That is the question twin brothers take on in their new book about homosexuality
By Weam Namou
Six years ago, Michael Zakar and his twin brother Zach came out to their Chaldean mother, a devout Christian who is also extremely devoted to the family’s Middle Eastern values and heritage. She threw holy water on them in the hopes of “de-gaying” them. It didn’t work. The twins, 25, went on to write about their experience in their first book Pray the Gay Away and on Mother’s Day of 2018, they published their second book, You Can’t Pray the Gay Away as a way to give parents the gift of acceptance.
Their first book, a memoir, chronicles Michael and Zach’s coming out. It takes a comedic look at their journey from awkward teenagers fighting against societal stereotypes in post 9/11 America, to living separate lives while recognizing sexual and emotional feelings for other boys to rejoining their relationship when they come out to each other and to finally facing the future together in a world where gay is still a bad word and coming out to their mom shattered and reformed their family and religious values.
Their mom had plenty of questions, which the brothers suggest parents should avoid, such as:
• Were you boys molested?
• Have you tried having sex with a woman?
• Why did God let me give birth to you two?
• Why couldn’t you have had cancer instead? At least, that’s curable.
“We had a very average childhood to which we then graduated at Wayne State University with a Bachelor’s in Film,” said Michael. “No one molested us. God doesn’t have it out for us and being gay isn’t a disease.”
Their parents had many concerns, including:
• Was it my fault as their parent?
• How will they carry on the family name?
• What will society think of them?
• Why me?
• Will they lose their faith?
The twins say they have not lost their faith because they believe Jesus is about loving one another. But they do feel ostracized by the community and unwelcomed in the church. Father
Matthew Zetouna realizes the seriousness of this situation and gave a homily on June 11, 2017 about how to love and show compassion for gay individuals. He shared his experience of being called to go to homes for interventions and witnessing parents have severe panic attacks as they tried to figure out a way to change their gay children to normal.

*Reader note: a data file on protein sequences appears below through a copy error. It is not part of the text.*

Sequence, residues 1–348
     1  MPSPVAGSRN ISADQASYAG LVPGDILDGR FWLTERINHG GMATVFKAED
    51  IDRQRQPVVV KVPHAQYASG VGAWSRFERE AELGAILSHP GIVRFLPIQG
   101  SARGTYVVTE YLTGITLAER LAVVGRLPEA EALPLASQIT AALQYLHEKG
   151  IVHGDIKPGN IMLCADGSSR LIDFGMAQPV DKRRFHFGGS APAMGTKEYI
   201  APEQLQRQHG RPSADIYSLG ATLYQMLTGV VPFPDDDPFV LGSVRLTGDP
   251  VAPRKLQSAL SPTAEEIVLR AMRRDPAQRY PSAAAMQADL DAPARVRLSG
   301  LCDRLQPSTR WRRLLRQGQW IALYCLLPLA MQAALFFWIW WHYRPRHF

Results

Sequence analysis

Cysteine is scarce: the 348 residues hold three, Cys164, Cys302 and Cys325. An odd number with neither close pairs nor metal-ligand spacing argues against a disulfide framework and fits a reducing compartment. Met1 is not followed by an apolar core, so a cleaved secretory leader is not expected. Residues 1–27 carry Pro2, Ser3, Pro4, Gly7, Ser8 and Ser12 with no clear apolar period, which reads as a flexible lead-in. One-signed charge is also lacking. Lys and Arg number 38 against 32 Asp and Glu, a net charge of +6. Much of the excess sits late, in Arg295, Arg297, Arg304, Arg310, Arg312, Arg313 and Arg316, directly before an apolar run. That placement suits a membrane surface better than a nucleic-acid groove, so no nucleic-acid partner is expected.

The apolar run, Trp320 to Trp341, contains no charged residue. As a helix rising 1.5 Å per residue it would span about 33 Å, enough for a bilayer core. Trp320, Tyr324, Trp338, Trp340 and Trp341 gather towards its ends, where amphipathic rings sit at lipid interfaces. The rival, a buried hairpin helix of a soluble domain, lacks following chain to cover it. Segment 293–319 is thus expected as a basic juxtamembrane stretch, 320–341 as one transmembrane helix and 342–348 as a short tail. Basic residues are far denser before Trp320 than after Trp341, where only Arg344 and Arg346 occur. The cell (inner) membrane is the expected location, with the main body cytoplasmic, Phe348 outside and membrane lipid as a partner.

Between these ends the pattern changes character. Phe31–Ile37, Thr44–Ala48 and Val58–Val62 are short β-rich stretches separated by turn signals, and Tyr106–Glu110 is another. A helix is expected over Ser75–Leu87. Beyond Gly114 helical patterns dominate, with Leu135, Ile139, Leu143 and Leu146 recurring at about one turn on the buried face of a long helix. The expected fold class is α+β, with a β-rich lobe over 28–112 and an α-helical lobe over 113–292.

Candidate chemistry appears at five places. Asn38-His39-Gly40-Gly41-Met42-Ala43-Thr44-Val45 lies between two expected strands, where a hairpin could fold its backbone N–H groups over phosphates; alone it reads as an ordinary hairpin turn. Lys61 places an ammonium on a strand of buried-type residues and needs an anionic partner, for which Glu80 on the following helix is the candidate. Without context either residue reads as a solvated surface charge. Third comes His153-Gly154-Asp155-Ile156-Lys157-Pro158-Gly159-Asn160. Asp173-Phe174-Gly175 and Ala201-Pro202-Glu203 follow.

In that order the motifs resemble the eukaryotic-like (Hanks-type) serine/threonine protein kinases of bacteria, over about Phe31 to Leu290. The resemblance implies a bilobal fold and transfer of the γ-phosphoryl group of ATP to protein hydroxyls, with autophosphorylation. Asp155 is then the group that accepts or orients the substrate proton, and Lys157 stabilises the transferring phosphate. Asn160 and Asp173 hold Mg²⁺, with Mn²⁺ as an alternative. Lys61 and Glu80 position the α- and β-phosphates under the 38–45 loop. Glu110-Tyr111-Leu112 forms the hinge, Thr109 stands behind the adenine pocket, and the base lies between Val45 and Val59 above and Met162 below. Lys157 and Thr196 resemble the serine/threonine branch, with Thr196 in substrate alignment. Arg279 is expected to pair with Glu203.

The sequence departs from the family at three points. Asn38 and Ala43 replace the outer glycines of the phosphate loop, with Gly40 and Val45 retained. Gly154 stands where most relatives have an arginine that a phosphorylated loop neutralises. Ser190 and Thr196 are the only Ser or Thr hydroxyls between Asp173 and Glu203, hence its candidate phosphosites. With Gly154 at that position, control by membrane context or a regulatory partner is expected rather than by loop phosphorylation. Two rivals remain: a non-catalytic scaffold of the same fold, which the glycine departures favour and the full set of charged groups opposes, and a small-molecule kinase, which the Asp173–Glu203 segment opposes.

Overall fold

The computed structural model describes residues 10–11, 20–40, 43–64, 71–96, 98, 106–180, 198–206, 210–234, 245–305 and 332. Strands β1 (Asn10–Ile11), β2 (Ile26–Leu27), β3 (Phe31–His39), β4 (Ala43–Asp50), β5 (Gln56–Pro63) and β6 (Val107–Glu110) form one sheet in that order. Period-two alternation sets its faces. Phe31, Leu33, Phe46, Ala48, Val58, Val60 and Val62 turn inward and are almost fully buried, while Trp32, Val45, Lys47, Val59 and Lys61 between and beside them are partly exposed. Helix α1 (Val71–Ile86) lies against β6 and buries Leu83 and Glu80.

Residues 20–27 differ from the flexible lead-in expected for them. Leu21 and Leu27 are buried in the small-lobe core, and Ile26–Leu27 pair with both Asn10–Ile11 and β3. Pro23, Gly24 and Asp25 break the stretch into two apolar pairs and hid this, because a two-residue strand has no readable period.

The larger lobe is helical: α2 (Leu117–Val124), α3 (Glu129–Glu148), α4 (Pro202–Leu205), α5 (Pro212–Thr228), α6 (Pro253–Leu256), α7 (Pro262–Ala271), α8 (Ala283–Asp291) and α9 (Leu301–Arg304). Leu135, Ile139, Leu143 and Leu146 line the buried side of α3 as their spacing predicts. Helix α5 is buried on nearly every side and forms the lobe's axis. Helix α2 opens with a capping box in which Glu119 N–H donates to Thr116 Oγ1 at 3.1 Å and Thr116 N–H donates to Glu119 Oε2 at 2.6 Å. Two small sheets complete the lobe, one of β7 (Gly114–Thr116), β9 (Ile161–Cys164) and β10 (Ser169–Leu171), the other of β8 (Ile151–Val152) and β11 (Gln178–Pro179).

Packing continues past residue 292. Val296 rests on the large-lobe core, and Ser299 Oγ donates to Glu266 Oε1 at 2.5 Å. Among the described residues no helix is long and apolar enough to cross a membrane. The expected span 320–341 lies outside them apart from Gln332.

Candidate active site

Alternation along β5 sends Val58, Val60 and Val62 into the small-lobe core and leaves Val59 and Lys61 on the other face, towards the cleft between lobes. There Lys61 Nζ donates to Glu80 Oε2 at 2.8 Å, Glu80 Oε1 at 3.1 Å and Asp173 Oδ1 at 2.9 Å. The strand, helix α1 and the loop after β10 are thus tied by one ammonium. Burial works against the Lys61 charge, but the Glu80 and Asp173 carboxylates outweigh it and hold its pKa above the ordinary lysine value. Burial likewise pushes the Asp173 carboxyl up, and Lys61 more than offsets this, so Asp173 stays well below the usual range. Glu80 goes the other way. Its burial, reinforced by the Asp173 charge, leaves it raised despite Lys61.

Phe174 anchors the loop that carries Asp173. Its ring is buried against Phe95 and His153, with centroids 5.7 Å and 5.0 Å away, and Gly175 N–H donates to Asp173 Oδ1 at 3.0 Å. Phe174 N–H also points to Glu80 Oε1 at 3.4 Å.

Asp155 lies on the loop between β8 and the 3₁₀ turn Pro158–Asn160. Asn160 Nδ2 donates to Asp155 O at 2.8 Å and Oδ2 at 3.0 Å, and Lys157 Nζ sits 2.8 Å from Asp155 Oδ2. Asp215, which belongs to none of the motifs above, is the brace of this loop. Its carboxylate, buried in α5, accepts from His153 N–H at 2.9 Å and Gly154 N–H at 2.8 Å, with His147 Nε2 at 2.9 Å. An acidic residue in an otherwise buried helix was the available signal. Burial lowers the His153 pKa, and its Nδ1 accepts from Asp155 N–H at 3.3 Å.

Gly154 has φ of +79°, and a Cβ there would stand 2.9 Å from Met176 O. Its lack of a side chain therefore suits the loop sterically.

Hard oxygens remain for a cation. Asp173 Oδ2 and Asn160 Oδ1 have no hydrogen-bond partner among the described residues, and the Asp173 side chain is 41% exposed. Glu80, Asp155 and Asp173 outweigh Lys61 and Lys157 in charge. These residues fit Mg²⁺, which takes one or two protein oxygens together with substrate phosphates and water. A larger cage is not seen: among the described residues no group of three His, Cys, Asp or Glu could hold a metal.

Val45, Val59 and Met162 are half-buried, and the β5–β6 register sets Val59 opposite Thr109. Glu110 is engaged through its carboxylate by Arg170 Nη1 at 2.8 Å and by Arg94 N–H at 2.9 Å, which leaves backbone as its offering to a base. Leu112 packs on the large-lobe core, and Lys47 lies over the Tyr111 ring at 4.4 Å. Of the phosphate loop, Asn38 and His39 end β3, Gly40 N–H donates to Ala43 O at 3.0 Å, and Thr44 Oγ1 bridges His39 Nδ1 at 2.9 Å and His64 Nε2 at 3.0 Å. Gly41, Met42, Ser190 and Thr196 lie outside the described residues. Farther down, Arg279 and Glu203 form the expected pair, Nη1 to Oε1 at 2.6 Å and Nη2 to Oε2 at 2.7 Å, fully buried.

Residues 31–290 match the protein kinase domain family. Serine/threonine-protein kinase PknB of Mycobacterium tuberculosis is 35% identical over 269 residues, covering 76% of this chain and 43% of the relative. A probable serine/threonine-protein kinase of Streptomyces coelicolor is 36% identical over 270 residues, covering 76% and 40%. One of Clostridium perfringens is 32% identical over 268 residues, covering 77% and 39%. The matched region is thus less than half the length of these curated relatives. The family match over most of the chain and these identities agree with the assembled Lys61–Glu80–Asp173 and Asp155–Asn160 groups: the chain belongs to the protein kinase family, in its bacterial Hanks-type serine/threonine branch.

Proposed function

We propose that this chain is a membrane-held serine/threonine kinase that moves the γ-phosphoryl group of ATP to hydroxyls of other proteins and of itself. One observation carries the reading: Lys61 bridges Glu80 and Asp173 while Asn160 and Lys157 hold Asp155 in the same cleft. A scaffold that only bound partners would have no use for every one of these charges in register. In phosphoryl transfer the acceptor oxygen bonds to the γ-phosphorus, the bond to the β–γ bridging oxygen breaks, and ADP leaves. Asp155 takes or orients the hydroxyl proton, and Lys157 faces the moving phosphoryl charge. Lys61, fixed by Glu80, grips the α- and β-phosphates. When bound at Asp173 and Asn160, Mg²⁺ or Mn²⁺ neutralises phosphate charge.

“I want to look at how we can love correctly and not be the Pharisee in the gospel because in our community, there’s an extreme discrimination where certain sins are okay
while others are unacceptable,” Father Matthew told the congregation.
He used gambling and marijuana addiction as an example of the more acceptable forms of sins. While he stressed that people shouldn’t act on homosexual desires and pointed out
that there’s a forceful normalization of a disordered lifestyle in the schools and the media, he also emphasized the importance of love, compassion, support and understanding.
“I really believe that people who are struggling with this and are trying to live a virtuous life have a bigger cross than priests, nuns, and married people,” said Father Matthew, adding that through love and support, they can be brought to Jesus and can live a healthy moral lifestyle.
He suggests a need for a serious sobering self-reflection of the community.
“It really hurts me to see the people in my office,” he said, “how much pain they go through trying to authentically follow Jesus but having to carry this weight and pressure which
is unchristian and unfair.”
The Zakar twins believe that their coming out was survivable because they had each other, and they want others who feel alone to know that they have their own personal twin too. Aside from writing books, the brothers created the mobile app My Twin Chat to help other LGBT
youths come out in a safe space where there is no judgment or threats. In You Can’t Pray the Gay Away, the twins advise parents to choose their words carefully as their children will carry these words with them forever. Some useful questions to ask their children are:
• When did you know?
• How did you know?
• How can I help?
“You might not like the answers,” Michael said. “If it’s too much, don’t speak, a hug speaks volumes.”
The twins offer various exercises in their books, first and foremost taking five deep breaths and realizing the reality of the situation isn’t as bad as you think. There are bigger issues in the world. They write that life is too short. Tomorrow isn’t guaranteed.
If it’s a religion thing – love your child.
If it’s a political thing – love your child.
If it’s a human thing – love your child.